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US Trade: Don’t Count on Congress

Harry Truman was surely not pleased with the 80th Congress.

They only passed 906 bills, and it was difficult to imagine how they could have accomplished so little during their two-year session.

Truman was demonstratively angry.  He scolded Congress, calling them the official “Do-nothing Congress.”

So here we are, sixty-five years later, relaxing during the 2013 summer Congressional recess. How do you think Harry would characterize our current 113th Congress?

As of today, our Congress has only passed twenty-two bills, plus there are four additional bills sitting on the President’s desk.

At this rate, they are on track to pass at least 100 bills by the end of the session in 2014.

Did I just say 100 bills, as compared to 906 bills? Perhaps we need to redefine what “do-nothing” means!  Perhaps America’s new national rhyme is:

“How many bills could Congress pass, if Congress could pass bills?”

The 110th Congress passed 460 Bills (2007-2008).

The 111th Congress passed 383 Bills (2009 — 2010).

The 112th Congress passed about 220 Bills (2011-2012).

The 113th Congress is on track to pass 100 Bills (2013-2014).

House Speaker John Boehner was recently questioned by Bob Schieffer on CBS’s “Face the Nation” about the productivity of the 113th Congress. Speaker Boehner said that Congress “should not be judged on how many laws we create, we ought to be judged on how many laws we repeal.” He was indicating that we have enough bills, and perhaps we should start repealing some versus passing more. Does that mean that the trend is to head south, and that Congress should come to their work sessions solely to repeal bills that we already have?

Well, it certainly doesn’t look like the American Public is buying that theory. In a recent NBC/Wall Street Journal Poll, 83 percent of Americans disapprove of the job Congress is doing, and 57 percent say they would replace every member of Congress if they could.  Clearly, something needs to change.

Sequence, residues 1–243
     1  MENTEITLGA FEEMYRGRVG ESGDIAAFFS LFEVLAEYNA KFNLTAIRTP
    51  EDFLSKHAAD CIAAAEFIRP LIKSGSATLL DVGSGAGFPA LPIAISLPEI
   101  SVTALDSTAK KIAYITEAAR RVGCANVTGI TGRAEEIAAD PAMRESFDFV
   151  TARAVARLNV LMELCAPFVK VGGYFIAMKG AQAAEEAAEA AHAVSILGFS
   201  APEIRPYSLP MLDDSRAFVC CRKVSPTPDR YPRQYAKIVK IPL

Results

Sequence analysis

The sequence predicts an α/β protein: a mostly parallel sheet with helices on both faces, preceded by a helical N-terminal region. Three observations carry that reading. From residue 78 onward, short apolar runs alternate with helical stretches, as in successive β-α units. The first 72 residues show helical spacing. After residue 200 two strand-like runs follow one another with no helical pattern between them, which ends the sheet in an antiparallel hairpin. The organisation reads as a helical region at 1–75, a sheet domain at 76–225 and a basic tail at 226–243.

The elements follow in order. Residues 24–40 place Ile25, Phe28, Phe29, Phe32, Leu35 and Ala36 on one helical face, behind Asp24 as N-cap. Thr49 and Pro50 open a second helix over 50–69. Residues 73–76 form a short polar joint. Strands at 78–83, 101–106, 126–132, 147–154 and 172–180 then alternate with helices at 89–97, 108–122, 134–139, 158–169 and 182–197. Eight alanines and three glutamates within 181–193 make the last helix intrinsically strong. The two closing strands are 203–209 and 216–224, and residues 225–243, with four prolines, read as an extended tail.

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Now, let’s also try not to make things up. Certainly, as more and more legislation comes to the floor later in the session, the number of passed bills could accelerate over time. However, the stark reality is that at the 11 percent passage rate (as compared to the original do-nothing Congress) – what are we really dealing with? — this is our first official “LESS THAN  DO-NOTHING CONGRESS?”

What kind of democracy have we developed?  Has our government actually ground to a halt? NOTHING is getting done and less than nothing is being done with regard to trade related matters.

If Congress were paid for performance (or by piece rate, as we say in the apparel industry), then they would surely receive no salary.

Likely, there are some doubters still reading this message and they are probably thinking: “Well, the twenty-six bills they actually did pass must be very important ones.”

OK, that’s fair, let’s take a look at a few of them:

Certainly there are a few very important ones like S47 (signed May 7)  or The Violence Against Women Reauthorization Act of 2013 (side note — that this was actually delayed from 2012).  And then there is the still unsigned Student Loan Certainty Act (HR1911), as well as the Hurricane Sandy Relief Act (HR 41) and the No Budget, No Pay Act (HR325).

However, among the few, presumably important twenty-two signed bills we also have:

  1. HR 1071 — Specifies the size of the precious metal blanks that will be used in the production of the National Baseball Hall of Fame commemorative coins (May 17).
  2. S 982 — “The Freedom to Fish Act” safeguards fishing access to the Cumberland River in Kentucky (June 3).
  3. HR 1246 — “The District of Columbia Chief Financial Officer Vacancy Act”  authorizes the treasurer to act as CFO in the event of an emergency (May 1).
  4. HR 258 — “The Stolen Valor Act of 2013” prevents people from fraudulently claiming Medals of Honor (Jun 3).
  5. HR 2383 — Named the “Stan Musial Veterans Memorial Bridge in St. Louis” (Jul 12).